Huntington’s disease is a hereditary progressive neurodegenerative disorder. One hallmark of the condition is involuntary movements, which include akathisia (restlessness), dystonia (muscle spasms in the arms, head or trunk), and chorea.

Chorea is the most common involuntary movement problem in Huntington’s disease patients. It usually occurs during the early intermediate stage of the disease, several years after disease onset. Chorea diminishes at advanced stages of the disease, at which time dystonia emerges.

What is chorea?

The term “chorea” comes from the ancient Greek word “choreia,” which means dance. Chorea is characterized by brief and abrupt movements that are irregular and unpredictable. These movements often seem to flow from one body part to another, but they also can be confined to a single area in the body. They can interfere with swallowing, speech, posture, and walking. Chorea often leads to clumsiness, which causes the person to repeatedly drop objects. People who are not familiar with chorea also describe the movements as restlessness or fidgeting.

Chorea can occur with other abnormal movements, such as athetosis, a slower, writhing movement, referred to as choreoathetosis. It may occur simultaneously with dystonia.

Chorea management

Chorea symptoms in Huntington’s disease can improve through therapeutic intervention.

Dopamine is a signaling molecule in the brain that is involved in motor control. Increased levels of dopamine are thought to cause chorea in Huntington’s disease patients. So, the use of antidopaminergic agents is one approach to control chorea.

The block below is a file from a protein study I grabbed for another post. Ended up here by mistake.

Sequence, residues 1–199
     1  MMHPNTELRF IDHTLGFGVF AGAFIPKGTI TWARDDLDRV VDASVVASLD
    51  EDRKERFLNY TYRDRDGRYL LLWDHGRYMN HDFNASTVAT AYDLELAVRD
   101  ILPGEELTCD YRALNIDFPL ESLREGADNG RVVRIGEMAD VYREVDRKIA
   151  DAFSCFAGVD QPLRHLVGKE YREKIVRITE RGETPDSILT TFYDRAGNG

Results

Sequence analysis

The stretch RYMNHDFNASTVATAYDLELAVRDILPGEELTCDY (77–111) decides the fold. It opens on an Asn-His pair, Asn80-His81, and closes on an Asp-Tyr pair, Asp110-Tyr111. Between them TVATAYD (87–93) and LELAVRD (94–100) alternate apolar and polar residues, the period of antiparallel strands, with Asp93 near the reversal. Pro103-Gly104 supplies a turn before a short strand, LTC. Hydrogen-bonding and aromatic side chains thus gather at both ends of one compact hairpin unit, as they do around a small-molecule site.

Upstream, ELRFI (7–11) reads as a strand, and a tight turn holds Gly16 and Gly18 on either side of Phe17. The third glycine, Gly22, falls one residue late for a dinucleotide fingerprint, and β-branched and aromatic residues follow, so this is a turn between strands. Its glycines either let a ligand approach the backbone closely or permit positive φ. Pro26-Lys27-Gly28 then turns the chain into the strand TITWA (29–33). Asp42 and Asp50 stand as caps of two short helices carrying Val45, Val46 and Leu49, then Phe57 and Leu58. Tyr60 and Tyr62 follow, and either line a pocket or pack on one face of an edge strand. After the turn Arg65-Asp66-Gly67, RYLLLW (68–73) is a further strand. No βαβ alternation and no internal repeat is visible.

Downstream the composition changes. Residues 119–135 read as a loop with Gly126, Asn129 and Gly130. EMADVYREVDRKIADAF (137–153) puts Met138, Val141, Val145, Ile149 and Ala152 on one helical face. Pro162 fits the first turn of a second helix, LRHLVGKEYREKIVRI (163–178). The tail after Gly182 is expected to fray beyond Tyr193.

Two antidopaminergic agents Xenazine (tetrabenazine) and Austedo (deutetrabenazine) have been approved by the U.S. Food and Drug Ddministration (FDA) for the treatment of chorea in Huntington’s disease. Austedo is structurally related to Xenazine, but is more stable.

The antipsychotic medications Risperdal (risperidone) and Haldol (haloperidol) also are commonly used in Huntington’s disease patients. They do not only reduce chorea, but also help in managing psychiatric symptoms, such as irritability and psychosis.

***

Huntington’s Disease News is strictly a news and information website about the disease. It does not provide medical advice, diagnosis or treatment. This content is not intended to be a substitute for professional medical advice, diagnosis, or treatment. Always seek the advice of your physician or other qualified health provider with any questions you may have regarding a medical condition. Never disregard professional medical advice or delay in seeking it because of something you have read on this website.